An instrumentalist should keep in mind how to play their instrument carefully so that they can preserve the integrity of the instrument. That being stated, each musician performs with an instrument differently, creating their own personality and take on the capabilities of that particular instrument (ex. Louis Armstrong and his trumpet). In a sense, the partnership between instrumentalist and instrument defines them both. “Players demand certain kinds of physical responses from an instrument, and players and listeners alike have certain preferences about the tone produced. [4]

Despite how long musical instruments should last, it is important to try to maintain their playable conditions as long as possible. Similarly to automobiles that have been used on a daily basis over the years, musical instruments do not sound the same or work in the same manner that they once did when they were new. Parts wear out and at times just need to be replaced. On a side note, the average lifespan of instruments depends on the classification of them: “ woodwinds or brass instruments last about twenty years, while pianos last about 100 years, and string instruments for a maximum of 200 years. [5]" With proper conservation techniques used on instruments, they will be able to last longer than their projected lifespans.

Some music composed during the 18th century by Wolfgang Amadeus Mozart was for the harpsichord, and if this music is to be historically understood it must be heard on an instrument of the original time period. The Smithsonian has maintained a harpsichord that some of the resident curators can periodically play. This can be seen via the short YouTube video entitled, “Play it Again.” [6] Although these Mozart compositions could be played on a piano, they would not sound the same as a harpsichord when a musician performs the piece.

Late 19th Century Rosewood Clarinet

Environmental obligations exist for both musical instrument creators and conservators. This is because the materials used in instrument creation, like wood, can be on the endangered species list. “Many species of rosewood and ebony are endangered, but the wood is still easily purchased.’ ‘Some timbers and materials used by luthiers has legal restrictions, especially when crossing international boundaries. [7]” There appears to be a mission to conserve both art or cultural artifacts and environmental conservation in the realm of musical instrument conservation.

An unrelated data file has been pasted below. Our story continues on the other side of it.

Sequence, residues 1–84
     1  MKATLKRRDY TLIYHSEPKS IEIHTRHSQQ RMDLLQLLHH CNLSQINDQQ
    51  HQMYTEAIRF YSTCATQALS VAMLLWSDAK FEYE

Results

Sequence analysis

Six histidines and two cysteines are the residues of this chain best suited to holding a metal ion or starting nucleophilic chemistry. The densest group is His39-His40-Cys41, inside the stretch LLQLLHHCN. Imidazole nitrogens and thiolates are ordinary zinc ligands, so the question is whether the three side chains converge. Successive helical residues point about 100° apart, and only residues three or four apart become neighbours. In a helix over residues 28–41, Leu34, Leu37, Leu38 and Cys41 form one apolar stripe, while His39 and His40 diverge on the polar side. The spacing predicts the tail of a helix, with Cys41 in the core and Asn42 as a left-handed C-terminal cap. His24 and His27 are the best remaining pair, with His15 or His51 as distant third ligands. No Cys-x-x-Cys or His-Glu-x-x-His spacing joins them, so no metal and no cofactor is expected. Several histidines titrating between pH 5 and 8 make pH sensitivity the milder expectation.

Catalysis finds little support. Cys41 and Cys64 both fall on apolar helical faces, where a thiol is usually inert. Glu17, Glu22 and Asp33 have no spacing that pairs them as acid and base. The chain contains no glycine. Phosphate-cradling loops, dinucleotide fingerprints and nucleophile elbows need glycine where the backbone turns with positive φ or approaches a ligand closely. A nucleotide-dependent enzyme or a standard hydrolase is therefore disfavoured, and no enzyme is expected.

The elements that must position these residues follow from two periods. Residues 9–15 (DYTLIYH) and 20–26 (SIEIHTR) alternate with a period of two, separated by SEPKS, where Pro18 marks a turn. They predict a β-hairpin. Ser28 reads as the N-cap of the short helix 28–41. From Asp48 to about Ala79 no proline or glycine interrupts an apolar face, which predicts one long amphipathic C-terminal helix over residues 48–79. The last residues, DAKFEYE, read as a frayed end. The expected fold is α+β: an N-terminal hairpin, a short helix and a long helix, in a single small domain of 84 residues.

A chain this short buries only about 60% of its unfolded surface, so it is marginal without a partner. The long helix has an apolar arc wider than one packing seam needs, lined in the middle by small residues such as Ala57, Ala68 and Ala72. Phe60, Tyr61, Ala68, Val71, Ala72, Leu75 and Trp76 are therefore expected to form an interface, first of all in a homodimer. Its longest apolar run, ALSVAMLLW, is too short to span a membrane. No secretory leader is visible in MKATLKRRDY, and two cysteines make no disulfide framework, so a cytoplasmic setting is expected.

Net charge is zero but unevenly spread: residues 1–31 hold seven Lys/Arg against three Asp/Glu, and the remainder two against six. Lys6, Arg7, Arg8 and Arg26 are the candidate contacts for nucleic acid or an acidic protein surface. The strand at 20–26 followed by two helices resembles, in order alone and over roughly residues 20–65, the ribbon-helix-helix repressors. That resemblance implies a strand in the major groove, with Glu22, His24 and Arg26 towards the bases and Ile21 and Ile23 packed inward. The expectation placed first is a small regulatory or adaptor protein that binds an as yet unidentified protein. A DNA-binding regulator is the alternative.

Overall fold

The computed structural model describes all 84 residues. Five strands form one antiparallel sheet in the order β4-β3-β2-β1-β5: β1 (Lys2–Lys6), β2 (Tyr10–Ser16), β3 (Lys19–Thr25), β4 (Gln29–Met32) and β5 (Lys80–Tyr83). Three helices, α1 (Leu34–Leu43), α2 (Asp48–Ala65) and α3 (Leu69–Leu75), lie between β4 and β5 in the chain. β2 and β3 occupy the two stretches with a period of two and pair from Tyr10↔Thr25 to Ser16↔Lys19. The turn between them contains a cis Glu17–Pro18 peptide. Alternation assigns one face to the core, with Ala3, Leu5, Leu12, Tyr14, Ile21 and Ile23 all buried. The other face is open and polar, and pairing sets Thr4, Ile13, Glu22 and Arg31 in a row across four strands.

Classification systems

In 1914, the Curt Sachs and Erich Moritz von Hornbostel's system for the Classification of Musical Instruments was created. [8] It is divided into five main sections with several subcategories. Understanding how an instrument is intended to be used and which of these categories it falls into is vital information if a conservator is to determine how a piece will need to be repaired in order for it to be safely playable. Additionally, understanding the construction of an instrument and where it is experiencing tension will help to determine the safest methods of storage.

The five main sections are defined as:

Idiophones - Idiophones are instruments that rely on the body of the instrument to create and resonate sound. Most commonly constructed of metal, a conservator will need to examine the metal for cracks and tarnish that will negatively impact the sound and structural integrity of the instrument.

  1. Concussion - Instruments that create sound when struck against a similar object such as castanets
  2. Friction - Instruments that create sound when rubbed such as a glass harp
  3. Percussion - Instruments that create sound when struck such as a triangle